As Samantha Adams Becker—one of our community leaders—observed that day, a dreamer envisions a better future. A doer makes it happen. And a driver scales it so that the future is more evenly distributed. Which, to me, serves as an acknowledgement of the community’s increasing attention toward placing lifelong learning within the larger context of social change, social justice, and social challenges we are facing and attempting to address through the work we do. It’s a community of educators as activists—where learning is a tool rather than an ultimate goal or achievement.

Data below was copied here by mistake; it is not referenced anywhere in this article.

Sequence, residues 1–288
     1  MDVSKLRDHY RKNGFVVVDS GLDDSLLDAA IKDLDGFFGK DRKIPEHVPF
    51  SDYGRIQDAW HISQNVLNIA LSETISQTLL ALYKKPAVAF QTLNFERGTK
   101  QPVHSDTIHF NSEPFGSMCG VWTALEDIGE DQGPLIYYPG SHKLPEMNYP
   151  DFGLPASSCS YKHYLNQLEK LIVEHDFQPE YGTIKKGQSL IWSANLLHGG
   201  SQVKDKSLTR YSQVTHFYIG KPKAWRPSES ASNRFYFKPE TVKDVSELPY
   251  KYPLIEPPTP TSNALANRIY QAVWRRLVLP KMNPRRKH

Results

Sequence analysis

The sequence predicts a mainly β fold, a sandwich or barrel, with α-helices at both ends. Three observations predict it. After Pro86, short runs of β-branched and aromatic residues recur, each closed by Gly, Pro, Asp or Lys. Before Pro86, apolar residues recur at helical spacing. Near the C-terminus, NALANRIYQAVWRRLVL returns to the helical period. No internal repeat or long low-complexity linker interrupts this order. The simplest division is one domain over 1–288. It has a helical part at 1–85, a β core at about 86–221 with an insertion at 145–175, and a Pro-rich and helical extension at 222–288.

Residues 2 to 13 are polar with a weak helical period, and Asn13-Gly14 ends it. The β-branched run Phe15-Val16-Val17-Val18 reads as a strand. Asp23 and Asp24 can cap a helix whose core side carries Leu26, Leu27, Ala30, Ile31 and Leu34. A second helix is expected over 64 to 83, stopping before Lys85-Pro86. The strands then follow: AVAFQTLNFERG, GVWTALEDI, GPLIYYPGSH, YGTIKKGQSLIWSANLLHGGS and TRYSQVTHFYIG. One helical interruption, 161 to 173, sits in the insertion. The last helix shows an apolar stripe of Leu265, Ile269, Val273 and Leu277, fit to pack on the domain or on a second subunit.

As always, what we accomplish comes down, at least in part, to the stories we tell. Panelists during the Day Three opening keynote session, “Unlocking the Data to Drive a Smart Region Vision,” told stories about the efforts underway in the greater Phoenix area to foster results-producing collaborations across sectors. Panelists, responding to questions and comments from moderators Brian Dean (co-founder and director of operations for the Institute for Digital Progress) and Dominic Papa (vice-president, Smart State Initiatives as the Arizona Commerce Authority), included Corey Woods, Mayor of Tempe; Elizabeth Wentz, a professor and dean at Arizona State University (ASU); David Cuckow, Head of Digital at BSI; and Patricia Solis, executive director for the Knowledge Exchange for Resilience at ASU.